Whether you're creating dreadlocks, or trimming exisiting dreadlocks one thing to decide is if you prefer the ends to be blunt or wispy.
I've personally had dreadlocks for over 10 years, and in that time I've needed to trim the ends of my dreads a few times to deal with the length and weight of all that hair. They were originally made with the ends long and wipsy to help give some length to my new dreadlocks and to create a softer look that wispy ends can give. In this blog post I'll explain the process I went through of trimming my dreadlocks and combing out the ends again to create the natural flowy look of wispy ends.
Trimming my dreadlocks the first time was a huge thing for me to do. I really love the look of the wispy ends and I didn't really want to cut them off but I was starting to get headaches when I wore my hair up and so felt I didn't really have a choice. So I looked into ways to make the ends of my dreadlocks wispy again.
How to trim dreadlocks and comb out the ends.
Step 1: Cut the dreadlock you want to trim on an angle, not straight across. This will help the ends from looking so blunt. Keep in mind how much you want to brush out.
Step 2: Using a strong metal comb start to brush out the ends. You will loose some hair in this process but that is not a bad thing, as you are thinning out the ends. Slowly work up the dreadlock as far as you wish to comb out. Personally I comb out around 10cm (4 inches). You can always start and comb out more at a later date if you wish.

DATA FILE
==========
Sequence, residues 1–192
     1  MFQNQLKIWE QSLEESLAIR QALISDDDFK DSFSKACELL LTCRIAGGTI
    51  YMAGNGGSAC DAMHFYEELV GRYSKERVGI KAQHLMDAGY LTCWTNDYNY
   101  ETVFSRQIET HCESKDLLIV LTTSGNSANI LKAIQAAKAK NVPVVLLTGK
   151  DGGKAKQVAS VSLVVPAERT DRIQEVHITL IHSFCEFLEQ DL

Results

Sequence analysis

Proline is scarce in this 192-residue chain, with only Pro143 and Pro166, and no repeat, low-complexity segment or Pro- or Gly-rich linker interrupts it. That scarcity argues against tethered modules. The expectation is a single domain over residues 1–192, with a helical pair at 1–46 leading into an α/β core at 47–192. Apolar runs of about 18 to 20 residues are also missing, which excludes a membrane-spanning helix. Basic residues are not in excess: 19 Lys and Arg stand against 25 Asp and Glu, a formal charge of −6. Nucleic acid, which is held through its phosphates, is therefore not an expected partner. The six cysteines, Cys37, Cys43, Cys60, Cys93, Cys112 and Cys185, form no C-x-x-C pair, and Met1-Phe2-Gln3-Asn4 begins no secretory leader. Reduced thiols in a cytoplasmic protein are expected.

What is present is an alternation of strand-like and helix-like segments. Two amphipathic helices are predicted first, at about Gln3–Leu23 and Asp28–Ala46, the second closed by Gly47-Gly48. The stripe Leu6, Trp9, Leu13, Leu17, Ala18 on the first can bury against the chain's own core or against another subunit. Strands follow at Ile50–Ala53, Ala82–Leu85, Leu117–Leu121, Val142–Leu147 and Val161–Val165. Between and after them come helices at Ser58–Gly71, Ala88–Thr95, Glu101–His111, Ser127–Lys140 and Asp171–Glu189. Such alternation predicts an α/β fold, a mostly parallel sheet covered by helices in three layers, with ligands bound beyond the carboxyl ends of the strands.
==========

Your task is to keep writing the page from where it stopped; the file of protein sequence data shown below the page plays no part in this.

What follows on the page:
Step 3: You may want to wet the ends after brushing them out, as they will become quite frizzy. This will help them start to settle. You may also wish use a Hydrating Oil to soften the ends and nourish the hair after intense brushing.
Finding a dreadlock from each side in a similar position on the scalp can help to create an even look. Brushing out the ends can take some time, so cutting a few dreadlocks at a time and brushing out the ends as you go can be helpful if you plan to do it over a few days.
Trimming dreadlocks, particularly for achieving wispy ends, is a process that requires time and patience. I've found that the ends can take a few months to settle back into a naturally wispy look. Here are 3 examples of the type of haircut you can give your dreadlocks.
1. Straight Across - Cutting the length of your dreadlocks fairly straight across to achieve an overall even look in length.
2. Layering - Cutting some dreadlocks shorter, while still retaining some of the length.
3. V Shape - Cutting some dreadlocks shorter at the sides and longer in the middle of the back creating a V shape.
If you're not sure how to go about this and don't feel confident to start trimming, you may wish to consult a loctician, hairdresser or even a friend who may be able to help out.
From my personal experience of over 10 years, managing the length and weight of my dreadlocks has been a journey of discovery and adaptation. But the transformative process of creating wispy ends after trimming has been a rewarding part of my dreadlock journey.
Trimming dreadlocks and crafting wispy ends might seem daunting initially. But with careful steps and a patient approach, you can lessen the weight of your hair and give your dreadlocks a softer, more natural look that continues to evolve over time. So, get your metal comb ready, prepare for a little frizz, and embark on the journey towards lighter, wispy-ended dreadlocks.